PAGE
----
First off let me introduce myself.  My name is Edward Hubbard and I head up business development relationships with our industry partners.  My team is responsible for partnerships across the entire ecosystem including Security, Thin Clients, Storage and Cloud – to name just a few areas we touch.

Despite the confusion some folks outside of Tech have with our name (“Did you say you work at Citrus?”), and as this is an introduction post, let’s start out at the very beginning.  Although you may find it hard to believe, I have been in the partnership business since I was in grade school and you probably have too.   Even though many of us in business development / strategic alliances think we’re blazing new trails, my take is that as long as humans have been on the planet we’ve been figuring out ways to partner with each other.

As an eight-year-old kid I started one of my first partnerships as part of an orange juice stand.  Sure, most kids start with lemonade but I grew up in Florida so I had to use inputs that were readily available!  To make this business work I partnered with a friend whose father owned an orange grove.  I would buy the raw materials (Oranges) from my friend and after processing though an advanced manufacturing process (Mom’s juicer), I had a product ready for the street.  My friend only sold oranges to me and I promised only to buy from him – my first partnership was born.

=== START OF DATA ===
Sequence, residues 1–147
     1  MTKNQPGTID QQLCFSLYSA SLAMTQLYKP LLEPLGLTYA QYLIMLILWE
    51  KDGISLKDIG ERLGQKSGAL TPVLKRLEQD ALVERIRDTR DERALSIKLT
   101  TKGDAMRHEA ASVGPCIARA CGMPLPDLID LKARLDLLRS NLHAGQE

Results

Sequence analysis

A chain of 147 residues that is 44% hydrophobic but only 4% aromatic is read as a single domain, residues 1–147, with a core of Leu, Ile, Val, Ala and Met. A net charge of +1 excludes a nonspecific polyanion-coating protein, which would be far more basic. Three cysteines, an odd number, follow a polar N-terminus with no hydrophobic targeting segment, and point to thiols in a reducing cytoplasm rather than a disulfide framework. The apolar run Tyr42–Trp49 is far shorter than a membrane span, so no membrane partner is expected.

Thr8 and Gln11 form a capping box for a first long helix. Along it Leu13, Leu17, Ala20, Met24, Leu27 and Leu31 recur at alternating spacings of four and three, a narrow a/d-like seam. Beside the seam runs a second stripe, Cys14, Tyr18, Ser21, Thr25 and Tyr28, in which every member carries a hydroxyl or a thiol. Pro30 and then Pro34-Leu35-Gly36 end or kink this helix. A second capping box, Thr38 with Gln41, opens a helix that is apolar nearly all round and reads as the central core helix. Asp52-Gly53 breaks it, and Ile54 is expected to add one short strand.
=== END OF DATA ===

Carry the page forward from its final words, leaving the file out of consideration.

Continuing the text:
Now as rudimentary as that may seem it was a great partnership.   Sure, he had no one else to really sell a handful or oranges to every few days and I had no one else to buy from aside from the grocery store which is rather difficult to get to when you’re eight (not to mention blowing my P&L!), but the partnership served both of us nicely.

From the juice stand example I just shared to more advanced partnering scenarios, partnering positively changes the face of business.  Applied in the technology industry, partnerships between companies and individuals have produced incredible results that go beyond the initial perceived value of the combination (e.g. Microsoft & Citrix).

So what makes a good partnership?  Partnering requires each of the partners to commit to establishing an intimate, money-making part of their business to serve the partnership. This “I need to give before I get” is a core value that creates the foundation of strong partnerships.  Approaching a partnership with the idea of asymmetric gain is a losing proposition and one that your potential partner will see through from a mile away.  By both entities establishing a set of common goals and objectives, committing resources and executing to a plan, partnerships can be structured for success from the start and fulfill both parties need to generate additional business (e.g. 1+1=3).

To sum up, partnering allows mutually agreeable parties with complimentary solutions to leverage their respective strengths to make them both better off in the market.  By working to serve one another, and adopting a personal approach along the way, success in the outcome will increase immeasurably.   And just as important as getting those vitamins everyday (Orange juice anyone?), keeping connected at a personal level with your counterparts in the relationship will keep the partnership healthy and strong.

In future posts we’ll drill-down into more of the specifics of partnering with Citrix and we’ll also discuss a few Citrix-specific ideas and examples that I think you’ll find interesting and, most importantly, valuable.